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Cyclic materials - T

EV batteries lasting longer than predicted, delaying recycling

According to an article in Forbes, it seems that when EVs come to their end of life, most of the batteries remain in the vehicles and that ‘automotive industry initiatives to recycle the lithium-ion cells in EV batteries are slow to go mainstream in Europe and the US.’

EV batteries lasting longer than predicted, delaying recycling p

Earlier this year, at the Stockholm launch of the Japan-built Nissan Ariya electric crossover, Nic Thomas, UK marketing director for Nissan, said, “Almost all of the [electric car] batteries we’ve ever made are still in cars.” He added, “And we’ve been selling electric cars for 12 years.”

According to the article, most manufacturers offer battery warranties of seven or eight years or around 100,000 miles of driving, but there’s an industry expectation that EV batteries will last longer than that; they should outlive the cars themselves.

EV batteries consist of more than 2,000 individual lithium-ion cells working together. Battery management systems, or BMS, allow the cells to be gently topped up, preserving efficiency and life; EV lithium-ion batteries live much longer than lithium-ion phone or laptop batteries which sport less sophisticated BMS.

Thomas, who recently moved back to the UK after working in Japan, where he led Nissan’s global EV business, stressed: “We haven’t got a great big stock of batteries that we can convert into something else.” He added: “It’s the complete opposite of what people feared when we first launched EVs—that the batteries would only last a short time.”

He said: “At the end of the vehicle’s life—15 or 20 years down the road—you take the battery out of the car, and it’s still healthy, with perhaps 60 or 70% of usable charge.” Thomas added: “Taking the battery out [of an electric car] and putting a new battery in is not a viable proposition. It’s more sustainable to take the battery pack out of the car after 20 years, recycle the car, and reuse the battery.”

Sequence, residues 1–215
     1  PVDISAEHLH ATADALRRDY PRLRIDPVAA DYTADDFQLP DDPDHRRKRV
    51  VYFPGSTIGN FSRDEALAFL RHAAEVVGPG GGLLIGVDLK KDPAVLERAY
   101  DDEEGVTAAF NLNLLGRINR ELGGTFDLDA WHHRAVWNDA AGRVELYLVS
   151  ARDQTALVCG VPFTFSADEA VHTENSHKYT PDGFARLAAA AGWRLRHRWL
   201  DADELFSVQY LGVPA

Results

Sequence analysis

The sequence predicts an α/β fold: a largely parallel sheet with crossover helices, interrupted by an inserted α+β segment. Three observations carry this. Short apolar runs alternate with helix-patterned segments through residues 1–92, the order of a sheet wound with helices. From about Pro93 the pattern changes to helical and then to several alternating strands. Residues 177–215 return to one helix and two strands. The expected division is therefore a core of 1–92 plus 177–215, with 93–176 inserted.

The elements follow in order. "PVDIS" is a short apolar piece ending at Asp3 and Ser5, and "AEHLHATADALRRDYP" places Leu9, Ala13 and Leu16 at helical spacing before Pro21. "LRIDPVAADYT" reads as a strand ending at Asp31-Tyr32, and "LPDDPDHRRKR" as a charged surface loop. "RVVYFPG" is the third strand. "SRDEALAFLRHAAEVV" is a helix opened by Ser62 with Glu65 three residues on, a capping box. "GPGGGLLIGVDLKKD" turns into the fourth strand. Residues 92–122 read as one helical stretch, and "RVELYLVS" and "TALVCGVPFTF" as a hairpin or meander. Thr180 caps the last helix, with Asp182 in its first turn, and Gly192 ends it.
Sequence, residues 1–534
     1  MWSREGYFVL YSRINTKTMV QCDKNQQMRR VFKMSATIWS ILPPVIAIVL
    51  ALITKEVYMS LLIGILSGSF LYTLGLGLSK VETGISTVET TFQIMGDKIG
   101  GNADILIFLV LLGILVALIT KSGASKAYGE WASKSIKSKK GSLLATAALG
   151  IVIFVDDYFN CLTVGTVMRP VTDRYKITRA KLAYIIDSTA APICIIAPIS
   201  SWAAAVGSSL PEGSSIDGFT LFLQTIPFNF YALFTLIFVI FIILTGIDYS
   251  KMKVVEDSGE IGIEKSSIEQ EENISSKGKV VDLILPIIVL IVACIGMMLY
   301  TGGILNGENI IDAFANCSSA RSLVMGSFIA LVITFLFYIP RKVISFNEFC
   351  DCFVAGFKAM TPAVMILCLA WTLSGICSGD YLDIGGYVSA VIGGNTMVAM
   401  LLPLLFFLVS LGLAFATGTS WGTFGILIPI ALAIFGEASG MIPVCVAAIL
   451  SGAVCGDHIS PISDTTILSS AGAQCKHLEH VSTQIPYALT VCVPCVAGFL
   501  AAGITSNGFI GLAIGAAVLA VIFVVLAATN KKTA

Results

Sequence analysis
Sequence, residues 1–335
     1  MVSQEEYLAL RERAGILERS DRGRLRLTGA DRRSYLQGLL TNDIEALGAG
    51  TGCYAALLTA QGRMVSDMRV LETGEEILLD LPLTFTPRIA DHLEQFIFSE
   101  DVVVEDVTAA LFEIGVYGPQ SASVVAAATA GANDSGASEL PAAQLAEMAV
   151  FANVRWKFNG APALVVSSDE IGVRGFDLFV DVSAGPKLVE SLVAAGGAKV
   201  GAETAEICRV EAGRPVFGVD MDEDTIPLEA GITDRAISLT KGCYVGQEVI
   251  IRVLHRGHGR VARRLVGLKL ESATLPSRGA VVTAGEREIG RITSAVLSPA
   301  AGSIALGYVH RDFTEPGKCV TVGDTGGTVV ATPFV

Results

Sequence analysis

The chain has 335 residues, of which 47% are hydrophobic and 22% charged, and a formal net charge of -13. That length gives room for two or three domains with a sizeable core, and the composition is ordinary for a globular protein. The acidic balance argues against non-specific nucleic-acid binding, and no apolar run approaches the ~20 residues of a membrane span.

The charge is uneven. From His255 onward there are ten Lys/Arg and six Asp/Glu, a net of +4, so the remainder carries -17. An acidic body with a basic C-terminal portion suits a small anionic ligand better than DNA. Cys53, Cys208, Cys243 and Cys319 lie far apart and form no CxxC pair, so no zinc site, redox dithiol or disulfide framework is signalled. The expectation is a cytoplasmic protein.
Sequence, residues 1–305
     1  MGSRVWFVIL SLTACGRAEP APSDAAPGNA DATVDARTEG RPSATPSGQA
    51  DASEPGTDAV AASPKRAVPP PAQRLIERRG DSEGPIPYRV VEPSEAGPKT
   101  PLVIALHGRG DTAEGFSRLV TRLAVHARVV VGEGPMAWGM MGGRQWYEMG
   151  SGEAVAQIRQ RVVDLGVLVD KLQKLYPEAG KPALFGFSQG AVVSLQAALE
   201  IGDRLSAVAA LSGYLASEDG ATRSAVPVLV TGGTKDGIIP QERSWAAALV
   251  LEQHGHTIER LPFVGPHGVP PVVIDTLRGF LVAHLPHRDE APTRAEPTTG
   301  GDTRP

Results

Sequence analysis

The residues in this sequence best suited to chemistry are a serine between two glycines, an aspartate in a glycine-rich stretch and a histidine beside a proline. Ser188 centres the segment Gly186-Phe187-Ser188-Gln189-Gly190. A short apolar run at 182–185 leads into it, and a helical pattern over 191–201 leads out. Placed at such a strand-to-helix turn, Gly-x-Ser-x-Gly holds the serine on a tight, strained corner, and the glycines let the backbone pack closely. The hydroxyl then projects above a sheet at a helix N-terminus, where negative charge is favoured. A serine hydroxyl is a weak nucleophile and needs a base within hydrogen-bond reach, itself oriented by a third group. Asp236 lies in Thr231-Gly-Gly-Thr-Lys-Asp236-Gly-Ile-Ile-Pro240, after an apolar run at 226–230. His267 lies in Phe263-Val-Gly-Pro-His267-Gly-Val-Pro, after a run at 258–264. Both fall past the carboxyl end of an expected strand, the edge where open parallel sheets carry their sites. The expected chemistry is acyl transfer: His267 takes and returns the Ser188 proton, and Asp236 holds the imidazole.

A relatively small number of Nissan Leaf batteries have been collected by the company from crashed vehicles or after warranty issues—and supplied some to provide backup power to the Johan Cruijff Arena in Amsterdam, home to Ajax Football Club, where the arena’s roof has 4,200 solar panels, with the resulting electricity stored in the equivalent of 148 Nissan Leaf batteries.

Other Leaf batteries will be dismantled and reused in consumer-level portable energy storage packs “when we’ve got some batteries to go into them,” said Thomas.

“But by far the easiest thing to do is take the complete battery out of the vehicle, put it in a shipping container in a rack and plug that into a solar farm,” added Thomas.

Such reuse is common in Japan, and is ramping up in the UK. Thomas said that Nissan’s new billion-dollar gigawatt factory Sunderland plant will use EV batteries to store energy from solar panels and three wind turbines.

“The building will use a mixture of new and used batteries, and we’ll keep adding used batteries as they come available,” he said, stressing that Nissan doesn’t own the batteries in its customers’ cars.

“[The batteries] don’t belong to us; we need to support our customers finding the right things to do with them.”

In the meantime, automotive companies are working on improving battery efficiencies. Nissan is hoping to equip its cars with “all-solid-state batteries (ASSB)” by 2028 and could open a plant next year in Japan making the new technology. Solid-state batteries promise to charge faster, hold more power, and could last longer than lithium-ion batteries, according to the article. 

In time, these batteries will need to be repurposed and then recycled, and given the worldwide uptake of EVs is set to accelerate, reuse and recycling of EV batteries will soon become the norm, Thomas said, “I’ll be very old and very retired by the time we actually need to do a lot of these things.”

Source www.forbes.com

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